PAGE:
Aunties love it when seafood is on sale
by Kay Ulanday Barrett
Photo by Jess X. Chen
Workshop Title: Food
Have your students watch the embedded video. Then talk about the ways in which the people in the video feel about their food and those gatherings. Discuss briefly.
When the students are done, have them read “Aunties love it when seafood is on sale” by Kay Ulanday Barrett. Then have them talk about the similarities between the poem and the video they watched a few minutes prior.
Give your students time to brainstorm a list of times when they felt a similar sense of community over food. It can be a particular food that their families and/or friends happen to both love. It can be a gathering at a BBQ or something of the sort that brings people together. They have a lot of room for interpretation, as long as food is part of the equation.
Have your students write a poem like “Aunties love it when seafood is on sale” in which they talk about a sense of community that is established through the “sharing” of food.
When the students are done, have them share their responses with one another.
Area of Focus: Various
This lesson allows students to analyze various concepts and skills, so it is recommended that you have covered several of the “standalone” lessons before assigning this one. The prominent literary devices & techniques that this particular poem includes are: tone, figurative language, diction, and selection of detail.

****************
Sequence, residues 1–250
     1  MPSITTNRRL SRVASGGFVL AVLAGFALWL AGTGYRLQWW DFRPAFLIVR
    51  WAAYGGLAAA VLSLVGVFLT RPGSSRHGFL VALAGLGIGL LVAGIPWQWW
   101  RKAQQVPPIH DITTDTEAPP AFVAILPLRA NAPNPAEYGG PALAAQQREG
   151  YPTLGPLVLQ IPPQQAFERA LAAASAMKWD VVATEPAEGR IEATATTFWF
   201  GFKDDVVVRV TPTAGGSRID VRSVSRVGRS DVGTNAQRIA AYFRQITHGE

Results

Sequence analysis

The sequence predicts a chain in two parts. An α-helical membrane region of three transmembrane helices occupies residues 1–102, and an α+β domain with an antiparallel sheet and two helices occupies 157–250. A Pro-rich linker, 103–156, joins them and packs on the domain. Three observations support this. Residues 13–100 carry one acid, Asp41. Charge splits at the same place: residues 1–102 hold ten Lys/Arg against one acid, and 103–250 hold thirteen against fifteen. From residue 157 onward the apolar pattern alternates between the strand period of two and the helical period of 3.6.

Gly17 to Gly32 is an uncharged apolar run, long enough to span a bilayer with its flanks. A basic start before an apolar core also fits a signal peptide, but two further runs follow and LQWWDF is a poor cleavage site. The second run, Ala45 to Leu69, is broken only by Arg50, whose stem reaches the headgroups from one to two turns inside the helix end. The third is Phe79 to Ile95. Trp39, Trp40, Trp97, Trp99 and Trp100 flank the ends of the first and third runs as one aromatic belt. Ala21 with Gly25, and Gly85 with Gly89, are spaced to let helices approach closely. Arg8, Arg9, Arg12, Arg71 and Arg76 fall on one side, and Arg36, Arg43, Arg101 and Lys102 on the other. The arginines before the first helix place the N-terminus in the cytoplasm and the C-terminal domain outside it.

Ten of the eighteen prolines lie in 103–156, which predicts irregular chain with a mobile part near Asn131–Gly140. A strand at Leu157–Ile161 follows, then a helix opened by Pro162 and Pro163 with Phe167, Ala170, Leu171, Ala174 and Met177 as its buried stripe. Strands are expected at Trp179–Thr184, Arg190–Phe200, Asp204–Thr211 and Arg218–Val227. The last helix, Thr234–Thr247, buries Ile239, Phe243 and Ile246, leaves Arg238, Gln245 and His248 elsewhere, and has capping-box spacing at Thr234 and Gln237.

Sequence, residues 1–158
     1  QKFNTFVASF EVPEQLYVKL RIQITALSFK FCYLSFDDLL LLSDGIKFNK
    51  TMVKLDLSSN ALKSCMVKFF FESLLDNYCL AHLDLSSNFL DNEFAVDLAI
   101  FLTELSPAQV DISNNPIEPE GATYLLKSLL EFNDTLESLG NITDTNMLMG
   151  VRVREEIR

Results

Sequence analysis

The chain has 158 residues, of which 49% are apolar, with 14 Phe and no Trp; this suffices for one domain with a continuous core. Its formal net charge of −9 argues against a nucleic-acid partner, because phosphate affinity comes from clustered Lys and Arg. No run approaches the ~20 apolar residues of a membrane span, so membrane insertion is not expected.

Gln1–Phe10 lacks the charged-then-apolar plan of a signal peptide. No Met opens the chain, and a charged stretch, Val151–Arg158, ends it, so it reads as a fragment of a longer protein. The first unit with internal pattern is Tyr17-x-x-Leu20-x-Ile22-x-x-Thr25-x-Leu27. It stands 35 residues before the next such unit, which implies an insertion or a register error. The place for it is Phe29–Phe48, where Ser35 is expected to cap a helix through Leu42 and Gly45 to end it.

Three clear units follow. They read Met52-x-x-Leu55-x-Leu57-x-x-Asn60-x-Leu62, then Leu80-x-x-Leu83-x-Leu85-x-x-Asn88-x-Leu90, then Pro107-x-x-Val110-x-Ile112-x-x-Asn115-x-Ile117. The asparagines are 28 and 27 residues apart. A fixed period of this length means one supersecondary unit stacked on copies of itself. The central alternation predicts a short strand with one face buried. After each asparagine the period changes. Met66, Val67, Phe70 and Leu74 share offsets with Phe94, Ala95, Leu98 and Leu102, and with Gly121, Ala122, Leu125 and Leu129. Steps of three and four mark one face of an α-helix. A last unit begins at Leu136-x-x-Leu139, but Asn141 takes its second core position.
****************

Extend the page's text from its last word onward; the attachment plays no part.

Have your students read “Aunties love it when seafood is on sale” by Kay Ulanday Barrett. When they’re done, simply have them talk about what the point of the poem was.
When they’ve established that it’s a poem about cultural appreciation, ask them what helped contribute to that point. Tell them to refrain from using the terms “diction, selection of detail, etc.” that they’re so accustomed to forcing into their essays. Have them focus on larger ideas and concepts.
Have your students open up the following document and go over the introduction & directions with them. They are going to be analyzing the larger concepts or insights the poet uses to illustrate her message. Then give them time to work on the assignment.
When they’re done, go over their responses, particularly the larger insights they walked away with. Then show them the exemplar essay.
- Food / Hunger
- Figurative Language
- Selection of Detail